I mis-spoke above. The fit is supposed to be better but it's often the case that the extractor can be slightly misaligned or appear to be misaligned. If you're interested in that gun ask the seller about that feature.

Also don't buy a gun that you don't have the right to inspect it and return if it is not up to mechanical snuff.

That misalignment can be only cosmetic and not effect function or it could be something else that needs a bit of repair. Which is easy but which should also lower the price.

So to be clear...

No that is not supposed to be normal for any revolver 5,6,or 7 shot. But it shows up occasionally due to sloppiness in assembly or production and gets through inspection at the factory because it functions.

tipoc
tipoc is offline  
Old December 19, 2014, 04:56 PM   #6
MrBorland
Member
 
 
Join Date: April 13, 2007
Location: NC
Posts: 2,864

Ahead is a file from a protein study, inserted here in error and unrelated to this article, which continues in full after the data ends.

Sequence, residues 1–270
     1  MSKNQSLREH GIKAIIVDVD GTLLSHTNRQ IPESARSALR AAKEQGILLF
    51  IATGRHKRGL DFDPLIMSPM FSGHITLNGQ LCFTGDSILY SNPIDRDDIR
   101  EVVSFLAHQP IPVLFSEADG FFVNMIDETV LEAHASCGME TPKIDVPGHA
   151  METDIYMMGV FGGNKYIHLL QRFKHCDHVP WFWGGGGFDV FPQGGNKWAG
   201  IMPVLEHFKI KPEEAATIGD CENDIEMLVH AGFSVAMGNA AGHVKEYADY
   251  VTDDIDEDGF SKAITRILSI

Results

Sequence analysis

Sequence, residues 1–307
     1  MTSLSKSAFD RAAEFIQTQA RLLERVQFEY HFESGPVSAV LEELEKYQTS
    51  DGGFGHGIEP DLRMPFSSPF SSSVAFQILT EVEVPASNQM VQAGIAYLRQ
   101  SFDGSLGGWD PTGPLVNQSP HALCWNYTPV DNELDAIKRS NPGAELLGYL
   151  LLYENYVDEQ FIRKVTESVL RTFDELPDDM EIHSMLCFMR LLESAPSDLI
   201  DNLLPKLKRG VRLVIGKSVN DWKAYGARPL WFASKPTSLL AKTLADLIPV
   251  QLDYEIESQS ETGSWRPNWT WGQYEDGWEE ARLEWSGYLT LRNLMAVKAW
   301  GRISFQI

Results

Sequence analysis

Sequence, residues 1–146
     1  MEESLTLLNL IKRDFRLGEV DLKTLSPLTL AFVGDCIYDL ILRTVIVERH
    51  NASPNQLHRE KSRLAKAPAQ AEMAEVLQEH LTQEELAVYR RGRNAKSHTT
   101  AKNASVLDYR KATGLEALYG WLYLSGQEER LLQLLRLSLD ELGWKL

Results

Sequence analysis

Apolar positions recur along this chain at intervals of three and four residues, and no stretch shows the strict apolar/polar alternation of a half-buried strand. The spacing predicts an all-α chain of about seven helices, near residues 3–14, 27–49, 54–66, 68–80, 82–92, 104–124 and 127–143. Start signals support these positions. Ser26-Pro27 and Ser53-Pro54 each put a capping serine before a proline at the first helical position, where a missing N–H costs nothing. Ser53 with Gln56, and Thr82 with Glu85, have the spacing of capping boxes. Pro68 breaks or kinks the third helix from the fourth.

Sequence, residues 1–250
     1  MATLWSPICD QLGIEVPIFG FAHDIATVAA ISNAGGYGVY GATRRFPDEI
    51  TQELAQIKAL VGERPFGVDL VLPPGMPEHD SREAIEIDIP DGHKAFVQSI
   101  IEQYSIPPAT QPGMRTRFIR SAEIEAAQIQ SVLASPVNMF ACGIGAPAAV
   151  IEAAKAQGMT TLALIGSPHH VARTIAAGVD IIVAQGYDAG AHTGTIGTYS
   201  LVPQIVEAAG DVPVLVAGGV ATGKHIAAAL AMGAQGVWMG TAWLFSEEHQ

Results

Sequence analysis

Quote:
Originally Posted by Iggy
Can't say as it was an improvement.
I can. Those pins can break or bend. And unless the pins and holes are in perfect alignment, the extractor can be sluggish to fully reseat, affecting, and even binding the action. Purists, wrench your garments...

The modern design has a small bit of wiggle, but unless it's excessive, it doesn't affect function. It's hard to tell from a photo, but there doesn't appear to be excessive wiggle in the gun in the pic, nor is there likely to be, IME. I've shot the snot out of my 686 (70k+ rounds), and it doesn't suffer from excessive wiggle.

As suggested, though, ask the seller about it, and be sure you have recourse if you find it is a problem.
MrBorland is offline  
Old December 19, 2014, 10:45 PM   #7
Deaf Smith
Member
 
 
Join Date: February 7, 2004
Location: TEXAS!
Posts: 2,679
I bet once you put a bullet in one of the chambers it all aligns fine.

Deaf
__________________
“We can evade reality, but we cannot evade the consequences of evading reality” Ayn Rand
Deaf Smith is offline  
Old December 19, 2014, 11:26 PM   #8
9mmepiphany
Moderator
  
 
Join Date: December 27, 2002
Location: northern california
Posts: 15,617
Quote: